Background: The Earth’s oceans, covering 70% of its surface, exert great influence on global climate.  Only from space can we observe our vast oceans on a global scale and monitor critical changes in them.  Continuous ocean dynamic height data from satellites like TOPEX/Poseidon and JASON help us understand the effects of the changing oceans on our climate and on significant cyclical climate events such as El Niño and La Niña.  The Earth’s oceans are a major sink for solar energy.  The oceans transport this solar energy as heat through ocean currents and release it back into the atmosphere as water vapor and sensible heat, which is then returned back to the oceans and land as heat and precipitation.  This is a major part of the water and energy cycles. In addition, global climate variability (El Niño and La Niña, the Pacific Decadal Oscillation and the North Atlantic Oscillation) affects regional ocean circulation patterns, which transport heat and other materials and change regional climate, fisheries, water quality, CO2 uptake, etc. Global warming is increasing sea level height through both increases in ocean volume (warming effects) and the addition of water to the oceans due to the melting ice sheets.

Societal applications and impacts: Ocean topographical data are vital to study the role of ocean circulation and the associated thermal transport in the climate system, sea level rise, assessing the severity of hurricanes, tracking costal ocean currents, and aiding in the forecasting of natural disasters.  Sea level measurements are the climate change indicators of most direct concern for a substantial proportion of the U.S. and the world’s population, most of whom live near the coast.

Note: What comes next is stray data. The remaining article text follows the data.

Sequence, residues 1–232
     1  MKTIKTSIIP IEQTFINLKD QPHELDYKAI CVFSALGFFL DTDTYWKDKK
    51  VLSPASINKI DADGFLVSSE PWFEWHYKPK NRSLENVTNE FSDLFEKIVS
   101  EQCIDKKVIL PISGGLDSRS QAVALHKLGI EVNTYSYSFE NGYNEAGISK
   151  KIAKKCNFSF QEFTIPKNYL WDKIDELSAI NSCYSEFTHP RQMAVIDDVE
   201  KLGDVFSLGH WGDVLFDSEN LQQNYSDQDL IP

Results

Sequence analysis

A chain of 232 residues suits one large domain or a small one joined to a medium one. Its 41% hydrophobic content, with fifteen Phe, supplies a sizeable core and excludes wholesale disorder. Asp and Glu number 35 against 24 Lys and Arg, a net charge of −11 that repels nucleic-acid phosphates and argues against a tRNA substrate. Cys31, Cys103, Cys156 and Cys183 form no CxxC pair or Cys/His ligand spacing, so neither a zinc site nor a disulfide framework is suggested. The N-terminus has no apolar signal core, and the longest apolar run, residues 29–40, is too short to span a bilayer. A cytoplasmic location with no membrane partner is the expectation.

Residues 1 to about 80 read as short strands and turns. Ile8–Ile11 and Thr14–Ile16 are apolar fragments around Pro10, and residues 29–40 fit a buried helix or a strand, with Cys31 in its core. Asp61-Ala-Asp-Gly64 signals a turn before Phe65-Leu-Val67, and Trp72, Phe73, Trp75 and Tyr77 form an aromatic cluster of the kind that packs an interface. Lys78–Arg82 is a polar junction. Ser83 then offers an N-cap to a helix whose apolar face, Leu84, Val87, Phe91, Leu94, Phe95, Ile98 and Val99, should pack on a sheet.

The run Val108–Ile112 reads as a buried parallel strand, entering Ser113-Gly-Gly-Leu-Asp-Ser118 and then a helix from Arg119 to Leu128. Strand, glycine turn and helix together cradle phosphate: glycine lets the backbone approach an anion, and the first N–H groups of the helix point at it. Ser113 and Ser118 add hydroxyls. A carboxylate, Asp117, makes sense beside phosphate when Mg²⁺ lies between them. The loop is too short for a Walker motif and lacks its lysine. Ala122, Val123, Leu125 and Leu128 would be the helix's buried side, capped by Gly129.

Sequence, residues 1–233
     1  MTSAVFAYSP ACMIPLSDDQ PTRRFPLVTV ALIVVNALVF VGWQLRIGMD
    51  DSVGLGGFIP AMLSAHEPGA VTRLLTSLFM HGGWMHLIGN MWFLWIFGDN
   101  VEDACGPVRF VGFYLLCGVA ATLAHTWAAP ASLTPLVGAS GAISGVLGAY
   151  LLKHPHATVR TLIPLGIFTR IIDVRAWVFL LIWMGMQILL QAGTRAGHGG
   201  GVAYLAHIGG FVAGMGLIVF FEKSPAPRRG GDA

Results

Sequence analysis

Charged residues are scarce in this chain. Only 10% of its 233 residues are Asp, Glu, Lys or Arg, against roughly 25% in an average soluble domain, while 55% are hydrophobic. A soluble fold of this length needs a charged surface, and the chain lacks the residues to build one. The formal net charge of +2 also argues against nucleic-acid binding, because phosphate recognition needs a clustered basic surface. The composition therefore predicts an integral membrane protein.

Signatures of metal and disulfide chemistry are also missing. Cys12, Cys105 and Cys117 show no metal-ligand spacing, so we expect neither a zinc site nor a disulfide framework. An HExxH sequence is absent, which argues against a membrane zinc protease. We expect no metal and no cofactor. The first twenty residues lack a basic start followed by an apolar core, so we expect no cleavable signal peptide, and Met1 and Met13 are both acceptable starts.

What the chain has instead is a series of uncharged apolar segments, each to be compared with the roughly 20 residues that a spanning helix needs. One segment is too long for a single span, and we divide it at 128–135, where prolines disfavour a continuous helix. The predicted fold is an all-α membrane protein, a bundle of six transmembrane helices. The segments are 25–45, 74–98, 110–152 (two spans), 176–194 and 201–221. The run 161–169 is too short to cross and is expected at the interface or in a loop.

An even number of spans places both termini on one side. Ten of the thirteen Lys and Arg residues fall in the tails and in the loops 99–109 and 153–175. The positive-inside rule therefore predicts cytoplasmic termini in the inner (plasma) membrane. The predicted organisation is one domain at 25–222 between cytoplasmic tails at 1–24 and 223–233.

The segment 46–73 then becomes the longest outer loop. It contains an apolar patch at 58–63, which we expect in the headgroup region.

Satellite altimeters are the only means to monitor spatially continuous fields of changes in global and regional sea level, as well as basin-scale and regional ocean circulations.  Sea level rise is of growing concern in the coastal zone and air-sea interactions are responsible for persistent climate flood and drought anomalies such as El Niño and the Pacific Decadal Oscillation.  Altimeter data are required for initializing and validating seasonal to interannual climate forecast models.  Without ALT, we cannot comprehensively assess and predict rates of ocean expansion due to ice-melt and temperature change.  Continued ocean expansion will likely inundate some coastal areas.  Furthermore, we cannot adequately assess ocean storm intensification.

Summary of impacts of other de-manifested, reduced capability, and reduced coverage sensors

4. Ozone Mapping and Profiler Suite Limb Subsystem (OMPS-Limb), a de-manifested sensor